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NAVIN RAWANCHAIKUL : SUPER CHINA!
NAVIN RAWANCHAIKUL
SUPER CHINA!
Christelle Maureau, April 27, 2009
For his solo exhibition Super China!, Thai artist Navin Rawanchaikul transforms UCCA’s Nave into a playful zone where visitors become active participants in the dynamic story of contemporary Chinese art. "With Super China, UCCA initiates a new series of exhibitions with some of the major contemporary creators from Asia. We are glad to share Navin’s especially created pieces and his exuberant perspective on China with our audience,” says Jerome Sans, UCCA Director.

Bringing together new and recent sculptures, installation, paintings and works on paper, the show’s centerpiece is the Super China Survival Art Corp Game (2009), an interactive board game where visitors can choose from a number of roles and win in the high-stakes field of contemporary art. Medals and trophies will be awarded to the winners at the end of the show. The game is complimented by Super China (2009), a large-scale painting that humorously portrays the icons and superstars of Chinese art in a sprawling scene painted in the style of a Bollywood movie poster.


Navin Rawanchaikul_Super China!/navin_rawanchaikul_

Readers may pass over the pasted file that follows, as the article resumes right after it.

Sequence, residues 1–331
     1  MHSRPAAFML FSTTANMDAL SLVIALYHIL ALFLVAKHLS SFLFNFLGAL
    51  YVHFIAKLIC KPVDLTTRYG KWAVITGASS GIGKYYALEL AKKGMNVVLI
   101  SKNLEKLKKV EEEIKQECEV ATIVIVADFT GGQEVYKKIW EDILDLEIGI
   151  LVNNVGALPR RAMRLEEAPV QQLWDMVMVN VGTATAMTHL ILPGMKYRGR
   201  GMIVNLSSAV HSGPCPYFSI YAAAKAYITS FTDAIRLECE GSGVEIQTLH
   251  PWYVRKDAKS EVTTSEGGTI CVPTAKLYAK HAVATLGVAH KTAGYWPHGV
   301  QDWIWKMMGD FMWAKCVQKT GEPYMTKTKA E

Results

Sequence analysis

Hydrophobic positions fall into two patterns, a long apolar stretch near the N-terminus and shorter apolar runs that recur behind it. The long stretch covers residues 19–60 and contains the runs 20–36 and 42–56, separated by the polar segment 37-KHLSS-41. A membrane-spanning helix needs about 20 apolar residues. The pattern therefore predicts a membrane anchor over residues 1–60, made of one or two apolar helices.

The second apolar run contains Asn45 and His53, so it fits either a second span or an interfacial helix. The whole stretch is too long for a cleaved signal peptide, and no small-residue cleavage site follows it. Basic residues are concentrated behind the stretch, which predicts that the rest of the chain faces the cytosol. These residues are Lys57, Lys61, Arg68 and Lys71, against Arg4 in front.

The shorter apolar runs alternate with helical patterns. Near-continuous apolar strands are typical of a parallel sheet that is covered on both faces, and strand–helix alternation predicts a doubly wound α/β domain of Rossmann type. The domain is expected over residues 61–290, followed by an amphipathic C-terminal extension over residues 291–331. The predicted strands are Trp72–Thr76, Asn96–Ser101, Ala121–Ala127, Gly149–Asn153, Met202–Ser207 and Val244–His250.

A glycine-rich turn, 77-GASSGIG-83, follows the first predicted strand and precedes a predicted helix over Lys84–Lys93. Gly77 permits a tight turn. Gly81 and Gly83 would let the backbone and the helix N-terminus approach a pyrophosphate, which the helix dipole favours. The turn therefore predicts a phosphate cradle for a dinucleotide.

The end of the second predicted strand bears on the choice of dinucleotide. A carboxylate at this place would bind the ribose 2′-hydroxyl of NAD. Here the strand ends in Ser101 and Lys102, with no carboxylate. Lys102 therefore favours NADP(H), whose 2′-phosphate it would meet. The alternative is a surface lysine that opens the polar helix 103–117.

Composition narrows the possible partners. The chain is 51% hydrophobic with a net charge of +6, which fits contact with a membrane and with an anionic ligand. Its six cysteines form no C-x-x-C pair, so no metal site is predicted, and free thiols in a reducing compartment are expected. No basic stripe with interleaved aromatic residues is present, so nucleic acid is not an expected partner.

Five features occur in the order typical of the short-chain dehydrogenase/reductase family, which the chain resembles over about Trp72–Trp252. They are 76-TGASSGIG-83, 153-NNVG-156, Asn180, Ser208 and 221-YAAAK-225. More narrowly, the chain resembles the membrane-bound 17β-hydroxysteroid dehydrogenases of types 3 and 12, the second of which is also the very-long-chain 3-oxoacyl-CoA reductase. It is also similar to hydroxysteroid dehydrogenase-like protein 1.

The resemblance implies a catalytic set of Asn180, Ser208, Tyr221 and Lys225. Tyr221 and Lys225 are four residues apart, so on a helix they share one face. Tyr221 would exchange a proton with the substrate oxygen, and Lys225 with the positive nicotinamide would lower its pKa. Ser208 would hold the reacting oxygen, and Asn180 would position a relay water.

Navin Rawanchaikul_Super China!/navin_rawanchaikul_
 
A colorful cast of characters and fiction stories await visitors to Super China!; each plays a role in the fantastical stories that surround Navin’s multi-disciplinary art practice, told in the artist’s comic books, which can be found in UCCA’s Super Ganbei’s Le Bar. Taximan (2008) is a one-meter high extraterrestrial superhero from Taxi planet who traveled to earth. Curatorman and Old Navin (2002), portrays the artist as an old man, his career faded, arguing with a cynical curator who is promoting art’s total commercialization and “Biennial Franchising.”


Navin Rawanchaikul_Super China!
Navin Rawanchaikul_Super China!
 
Fly with Me to Another World (To be Continued), 2008 takes as its point of departure the story of Thai artist Inson Wongsam, who drove a Lambretta scooter from Thailand to Europe during the early 1960s, using his woodcut prints to barter for lodging. His trip became legendary among the Thai art community and served as the inspiration for Navin’s multi-part work, initiated in 1999. Another selection of works in the show uses the visual language of socialist propaganda—including porcelain busts, little red books, a painting and a woodcut print—to illustrate the fictitious Navin’s Party, an international network united by Navinism: simply stated, party members all share the name Navin, or are sympathetic to the cause. These works underscore how even arbitrary global networks can serve as a cause for unity.

“The universe that Navin has constructed, though fanciful at first glace, is one we all share,” remarks UCCA Curator David Spalding. “In fact, it is this possibility of sharing and collaborating—of engaging with and listening to one another, of looking and laughing at ourselves—that underscores all of the works in the exhibition.”


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